Anyway, thats my 10 cents (CDN).
    Pythagorean Theorum: 24 words. Lord's Prayer: 66 words. 10 Commandments: 179 words. Gettysburg Address: 286 words. Declaration of Independence: 1,300 words. U.S. Government Regulations on the Sale of Cabbage: 26,911 words.

  10. #10
    Bicycle Lifestyle AsanaCycles's Avatar
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    difficulty varies in locale.
    some places are easier than others.

  11. #11
    Sophomoric Member Roody's Avatar
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    Quote Originally Posted by benajah View Post
    BTW you generally do have to accept that shopping only locally, small business, etc could easily add 25% or more to your cost of living. Just something you have to accept. Hence the reason for the continued success of large corporations.
    I disagree with the 25 % surcharge on local stores. I think it's much less than this--usually just a few pennies more at a local supermarket compared to Kroger or meijers, for example.


    "Think Outside the Cage"

  12. #12
    Senior Member
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    This site may be of some use to you: http://www.greenamericatoday.org/

  13. #13
    Senior Member crazybikerchick's Avatar
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    What's your living situation like? Do you have the ability to grow some of your own food, in a garden, or in containers, or in a shared community garden, etc.

  14. #14
    put our Heads Together cerewa's Avatar
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    Quote Originally Posted by Roody View Post
    I disagree with the 25 % surcharge on local stores. I think it's much less than this--usually just a few pennies more at a local supermarket compared to Kroger or meijers, for example.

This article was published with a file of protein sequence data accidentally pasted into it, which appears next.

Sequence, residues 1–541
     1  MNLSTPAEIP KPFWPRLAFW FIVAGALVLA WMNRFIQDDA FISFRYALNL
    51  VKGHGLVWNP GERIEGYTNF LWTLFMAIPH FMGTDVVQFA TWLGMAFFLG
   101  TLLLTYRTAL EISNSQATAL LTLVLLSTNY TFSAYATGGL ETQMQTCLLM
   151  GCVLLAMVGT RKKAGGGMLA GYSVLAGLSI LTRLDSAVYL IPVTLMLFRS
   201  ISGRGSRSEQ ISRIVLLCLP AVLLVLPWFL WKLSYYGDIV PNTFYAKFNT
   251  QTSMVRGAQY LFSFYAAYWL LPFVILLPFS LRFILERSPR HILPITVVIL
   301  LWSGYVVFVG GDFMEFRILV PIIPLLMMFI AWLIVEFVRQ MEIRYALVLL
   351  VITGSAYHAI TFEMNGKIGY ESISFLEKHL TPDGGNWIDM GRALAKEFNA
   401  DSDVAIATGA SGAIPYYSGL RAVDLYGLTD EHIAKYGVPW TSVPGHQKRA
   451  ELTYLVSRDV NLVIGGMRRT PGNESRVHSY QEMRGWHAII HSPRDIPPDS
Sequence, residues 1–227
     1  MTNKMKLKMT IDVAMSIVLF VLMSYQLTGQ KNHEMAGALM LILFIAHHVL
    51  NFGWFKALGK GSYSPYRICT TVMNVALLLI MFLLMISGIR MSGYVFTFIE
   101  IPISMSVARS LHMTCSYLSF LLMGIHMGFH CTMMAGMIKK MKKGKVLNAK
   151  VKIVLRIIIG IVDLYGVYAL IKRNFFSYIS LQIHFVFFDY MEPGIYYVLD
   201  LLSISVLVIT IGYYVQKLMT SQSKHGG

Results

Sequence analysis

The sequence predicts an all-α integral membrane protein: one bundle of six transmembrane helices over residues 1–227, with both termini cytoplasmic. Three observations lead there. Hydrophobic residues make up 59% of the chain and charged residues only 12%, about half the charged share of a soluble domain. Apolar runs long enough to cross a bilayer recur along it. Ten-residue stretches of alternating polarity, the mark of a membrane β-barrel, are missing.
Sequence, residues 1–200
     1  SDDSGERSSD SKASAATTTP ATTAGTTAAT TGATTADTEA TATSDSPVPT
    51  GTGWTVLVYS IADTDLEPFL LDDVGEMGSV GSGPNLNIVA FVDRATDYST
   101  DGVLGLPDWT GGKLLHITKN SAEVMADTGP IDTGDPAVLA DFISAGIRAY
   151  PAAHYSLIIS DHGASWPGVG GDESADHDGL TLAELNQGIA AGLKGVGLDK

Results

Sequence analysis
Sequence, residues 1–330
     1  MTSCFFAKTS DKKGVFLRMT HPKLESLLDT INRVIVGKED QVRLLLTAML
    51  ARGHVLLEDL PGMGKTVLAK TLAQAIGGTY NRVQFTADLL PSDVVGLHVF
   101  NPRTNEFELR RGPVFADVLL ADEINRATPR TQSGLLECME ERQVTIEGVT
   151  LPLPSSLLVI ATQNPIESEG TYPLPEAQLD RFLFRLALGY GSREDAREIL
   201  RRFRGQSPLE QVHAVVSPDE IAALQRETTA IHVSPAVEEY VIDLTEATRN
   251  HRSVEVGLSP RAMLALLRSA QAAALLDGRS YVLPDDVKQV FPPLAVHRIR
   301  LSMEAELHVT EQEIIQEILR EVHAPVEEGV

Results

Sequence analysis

where I live, you have to pick between traveling a relatively long distance for low prices or shopping at local small businesses which are more walkable/bikeable. if you account for the cost of using a car to travel extra distances (or if you consider your free time to be worth several dollars per hour) it might make sense to shop locally.

    On the other hand, if you have a car then it might seem financially sensible to use it, since major costs like insurance and registration (and to some extent depreciation or repair cost) will exist whether you use the thing or not.

    If I shop at the farmer's market, I end up paying more but get better food. (at least, the food is better according to the criteria promoted by Michael Pollan!)
    Some awesome folks who are working to give Haitians the ability to manage their safety and their lives:
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  15. #15
    One legged rider
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    Quote Originally Posted by Roody View Post
    I disagree with the 25 % surcharge on local stores. I think it's much less than this--usually just a few pennies more at a local supermarket compared to Kroger or meijers, for example.
    exactly why I said "could" rather than "will". I have lived in places where shopping locally was much more expensive, and places like where I am living now in a little town in Northern California where there is pretty much no difference in price.